On the ancestral lands of the Kumeyaay people, 40-50 dancers and a few hundred spectators flocked to the coastal campus of the University of California San Diego for the 7th Annual UCSD pow wow, on Friday and Saturday, May 19-20, 2017. They all received a big-hearted welcome.
“What’s special about our pow wow is we crown a UCSD princess and she earns a $1,000 scholarship to continue in higher education,” chair of the Native American Student Alliance and pow wow organizer Burgundy Fletcher, Peoria, said.
Fletcher, an ethnic studies major who will graduate from UCSD next month, explained the goal of the pow wow “is to bring people here, make them feel welcomed on campus, and for the young people, especially Natives, to feel this is a place they can come to college eventually.”
First-time pow wow goer Marielle Teng, a UCSD political science freshman, said she and her friend heard about the pow wow and decided to give it a chance. “I noticed they do a lot of hand-shaking and show a lot of respect for their elders, which is really cool. As an Asian American, it’s very similar [to my] culture and it’s good to know everybody respects their elders.”
Formerly a combat engineer in the Marine Corps, Joe says he was forever changed after making two trips to the Dakota Access Pipeline in Standing Rock. He described it as a brutal scene yet one with modern-day indigenous heroes. “Second time I was there in December, it got so cold they couldn’t use the water cannons no more,” Joe said. “That’s when they started shooting us with beanbags, rubber bullets, shotgun pellets with smiley faces on them, and CS gas.”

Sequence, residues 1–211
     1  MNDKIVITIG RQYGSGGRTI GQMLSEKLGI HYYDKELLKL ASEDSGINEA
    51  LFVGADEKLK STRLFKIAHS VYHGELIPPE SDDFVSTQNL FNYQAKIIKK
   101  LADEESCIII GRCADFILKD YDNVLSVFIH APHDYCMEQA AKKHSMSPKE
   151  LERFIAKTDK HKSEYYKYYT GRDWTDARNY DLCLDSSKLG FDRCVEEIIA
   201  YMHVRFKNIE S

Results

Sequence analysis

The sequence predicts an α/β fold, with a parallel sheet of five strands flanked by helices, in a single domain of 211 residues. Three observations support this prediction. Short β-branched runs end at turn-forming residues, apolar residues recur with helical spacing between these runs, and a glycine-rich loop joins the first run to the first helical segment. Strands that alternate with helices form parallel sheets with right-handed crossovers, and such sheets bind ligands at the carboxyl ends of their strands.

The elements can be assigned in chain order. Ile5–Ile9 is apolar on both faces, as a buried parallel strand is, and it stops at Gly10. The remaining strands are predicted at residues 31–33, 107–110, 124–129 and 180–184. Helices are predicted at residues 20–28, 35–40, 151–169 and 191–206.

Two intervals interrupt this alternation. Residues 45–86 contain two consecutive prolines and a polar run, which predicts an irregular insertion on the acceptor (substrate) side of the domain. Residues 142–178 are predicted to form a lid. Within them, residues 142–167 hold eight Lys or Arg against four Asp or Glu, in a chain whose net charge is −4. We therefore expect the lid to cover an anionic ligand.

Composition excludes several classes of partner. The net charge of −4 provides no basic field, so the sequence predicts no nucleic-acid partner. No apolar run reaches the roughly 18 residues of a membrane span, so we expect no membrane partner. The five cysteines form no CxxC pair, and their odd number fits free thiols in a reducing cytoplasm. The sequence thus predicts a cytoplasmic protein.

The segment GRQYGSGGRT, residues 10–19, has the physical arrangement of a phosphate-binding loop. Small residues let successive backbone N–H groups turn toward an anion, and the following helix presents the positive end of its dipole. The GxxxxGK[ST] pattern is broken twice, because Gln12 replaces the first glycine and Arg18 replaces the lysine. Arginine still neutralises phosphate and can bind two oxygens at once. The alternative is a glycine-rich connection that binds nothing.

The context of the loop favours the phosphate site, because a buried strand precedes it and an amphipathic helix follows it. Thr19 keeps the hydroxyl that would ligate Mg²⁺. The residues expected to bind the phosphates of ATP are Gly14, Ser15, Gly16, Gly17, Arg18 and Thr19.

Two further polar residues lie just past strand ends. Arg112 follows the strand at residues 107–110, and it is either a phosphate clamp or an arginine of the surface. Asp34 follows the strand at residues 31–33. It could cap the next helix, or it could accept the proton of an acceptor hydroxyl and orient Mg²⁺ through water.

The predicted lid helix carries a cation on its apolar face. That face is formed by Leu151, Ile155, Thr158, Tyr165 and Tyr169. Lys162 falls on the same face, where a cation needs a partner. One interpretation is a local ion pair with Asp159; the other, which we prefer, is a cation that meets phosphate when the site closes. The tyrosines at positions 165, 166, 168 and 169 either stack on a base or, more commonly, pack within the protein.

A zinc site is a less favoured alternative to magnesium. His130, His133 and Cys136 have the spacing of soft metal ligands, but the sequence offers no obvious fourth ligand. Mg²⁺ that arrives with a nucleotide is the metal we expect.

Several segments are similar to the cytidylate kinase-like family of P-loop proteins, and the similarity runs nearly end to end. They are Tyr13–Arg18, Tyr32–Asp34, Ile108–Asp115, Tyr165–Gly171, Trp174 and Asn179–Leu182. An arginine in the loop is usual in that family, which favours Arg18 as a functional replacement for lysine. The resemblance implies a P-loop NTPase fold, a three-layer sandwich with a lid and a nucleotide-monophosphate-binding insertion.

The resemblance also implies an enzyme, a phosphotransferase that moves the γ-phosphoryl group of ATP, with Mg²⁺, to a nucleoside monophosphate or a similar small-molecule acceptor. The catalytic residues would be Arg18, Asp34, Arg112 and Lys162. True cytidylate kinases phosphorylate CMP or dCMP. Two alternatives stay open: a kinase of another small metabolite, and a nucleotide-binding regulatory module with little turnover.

Joe was encouraged by what he saw at the pow wow and how people were awakening the Native Spirit and the warrior within. “I like the pow wow because it’s bringing history back to the UCSD college students, real history, Native history that is not taught in any college class. So if you really want to know about Native history, come to the pow wow and talk to us.”
One of the more popular attractions of the weekend was the handsome Wanblee Ista Wicapi Sapa (The Eagle is Black but the Eye is a Star), who joked, “My Indian name is Steve Garcia.” The Tongva/Apache/Yaqui headman hypnotized both the spectators and dancers alike with his highly expressive eagle dance.
“It was given to me when I was a young boy,” Garcia said of his dance that mimics a great eagle in flight. “They told me they kept seeing an eagle dancer and that someday I would be bringing that dance to the people.”
It took the chiseled quinquagenarian five to six years to obtain the necessary eagle parts and feathers from the National Eagle Repository. “When I got those wings and they sent the feathers,” Garcia said that instead of making a bustle, “I brought back that dance.”
Natalia Shaw, Ojibwe, was crowned the new UCSD Pow Wow Princess with much fanfare. The jingle dress dancer graduated earlier in the month from the University of Redlands with a degree in environmental science. “As the pow wow princess, it is my duty to represent the UCSD pow wow in a good way and to be humble, to be social, and to be a role model for young princesses or those aspiring to enter the pow wow circle,” Shaw said after illustrating her plan to attend at least 50 pow wows during her reign.
Before commencing studies for her masters at Northern Arizona University in the fall, Shaw will intern at the Central Arizona Project in the tribal water resources department, where her ultimate goal is to “increase Native representation within environmental policy decisions because environmentalists are making decisions that are impacting Indian country and a lot of time there isn’t Native representation.”
With the sun sinking on the horizon on Day Two, pow wow organizer Fletcher reflected on the natural beauty of the sacred ground beneath her feet. “We have a lot of the local Kumeyaay and Luiseño people here,” she said. “And so, a lot of the people whose homeland this is, they’re dancing and participating today.”
All 2017 UCSD Pow Wow photos by Diego James Robles: